• Knowing the basics of reading and understanding contracts and basic civil legal matters i.e. bill contracts, landlord-tenant laws, employment discrimination, FDIC limits
  • Knowing how to search the internet for information
  • Knowing and continually utilizing mathematics and understanding of statistics
  • How to read and understand a newspaper, including politics and the stock quotes
  • How to understand that politics is much, much, much, much, MUCH more than candidate commercials, late night comedy, South Park, and buzzwords
  • Quickly processing and responding to emails
  • Constantly learning new technologies and software
  • Communicating with people from diverse cultures
  • Speaking with higher-ups i.e. presidents, CEOs, commissioners
  • Being able to quickly analyze situations during travel, i.e. navigating urban train, bus, and taxi modes of transportation, learning the cities, economy, culture, and basics of language
  • Studying multiple languages in order to understand people better i.e. French, Italian, Korean, Japanese

Myself considered, I am still learning these things. I just graduated from university three months ago. I feel that I am temporarily struggling but I am fairly ambitious and connected enough to pull my weight and then some. I love to set goals and often find myself hitting walls trying to accomplish them, but I hate to give in.

I feel that there are opportunities everywhere and it takes an intrepid explorer to go out and seek them. We are capable!


Technological Enhancement of Lifelong Learning

I would like to start with a video showing an excerpt of Bill Clinton speaking on lifelong learning. The entire transcript can be found here:

But this is an incredible thing that the most important thing I learned is that it’s important to keep on learning. That you should stay hungry and that the greatest gift can be even as your body begins to fail if your minds still working you need to use it.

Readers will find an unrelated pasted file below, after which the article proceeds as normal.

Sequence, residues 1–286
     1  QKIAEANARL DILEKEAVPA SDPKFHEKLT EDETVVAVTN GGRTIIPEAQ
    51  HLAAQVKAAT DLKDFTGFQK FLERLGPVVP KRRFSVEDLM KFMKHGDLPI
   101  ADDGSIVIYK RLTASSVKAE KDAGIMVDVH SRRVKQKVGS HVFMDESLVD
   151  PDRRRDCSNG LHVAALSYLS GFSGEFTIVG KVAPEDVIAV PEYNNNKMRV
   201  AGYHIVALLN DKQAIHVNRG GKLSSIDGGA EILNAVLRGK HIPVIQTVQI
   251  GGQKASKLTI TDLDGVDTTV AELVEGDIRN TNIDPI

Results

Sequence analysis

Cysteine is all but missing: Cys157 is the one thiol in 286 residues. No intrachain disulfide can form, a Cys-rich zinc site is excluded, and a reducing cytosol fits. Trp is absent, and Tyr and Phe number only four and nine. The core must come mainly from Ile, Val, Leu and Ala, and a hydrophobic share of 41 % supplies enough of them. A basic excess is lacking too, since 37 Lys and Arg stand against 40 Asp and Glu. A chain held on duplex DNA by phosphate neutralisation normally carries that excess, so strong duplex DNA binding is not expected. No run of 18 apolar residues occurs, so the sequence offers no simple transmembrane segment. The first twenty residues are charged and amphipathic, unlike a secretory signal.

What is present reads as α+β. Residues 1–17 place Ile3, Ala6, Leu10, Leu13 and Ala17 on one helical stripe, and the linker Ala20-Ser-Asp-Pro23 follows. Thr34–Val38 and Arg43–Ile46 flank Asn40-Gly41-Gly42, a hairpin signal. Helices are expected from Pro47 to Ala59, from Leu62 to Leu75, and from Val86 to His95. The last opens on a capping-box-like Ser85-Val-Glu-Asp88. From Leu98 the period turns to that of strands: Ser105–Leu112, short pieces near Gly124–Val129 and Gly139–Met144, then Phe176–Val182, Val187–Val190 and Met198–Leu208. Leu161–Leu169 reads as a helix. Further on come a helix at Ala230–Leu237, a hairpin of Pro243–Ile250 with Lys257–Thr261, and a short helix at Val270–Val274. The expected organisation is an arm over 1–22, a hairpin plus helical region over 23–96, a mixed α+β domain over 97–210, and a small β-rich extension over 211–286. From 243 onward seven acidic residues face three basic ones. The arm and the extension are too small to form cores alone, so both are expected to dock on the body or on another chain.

The new modes of learning which are available to us today could not have been imagined when I was a child. There was no world wide web for public use. The most mobile way of making a lot of information available to a lot of people were by mobile libraries, cassette tapes, floppy disks, or VHS tapes.

It is difficult for me to feel completely competent with distance learning. I would not be capable of sitting around with only some online quizzes and downloadable information handouts. Why? Because my learning style is nearly 90% interpersonal and 80% intrapersonal. I learn best by observing people and interacting with them rather than hearing, reading, seeing, or acting something out. I like to argue, question, and debate. For me personally, if I am learning something I put it to the test until I feel it. These are my results from a multiple intelligences assessment from Edutopia: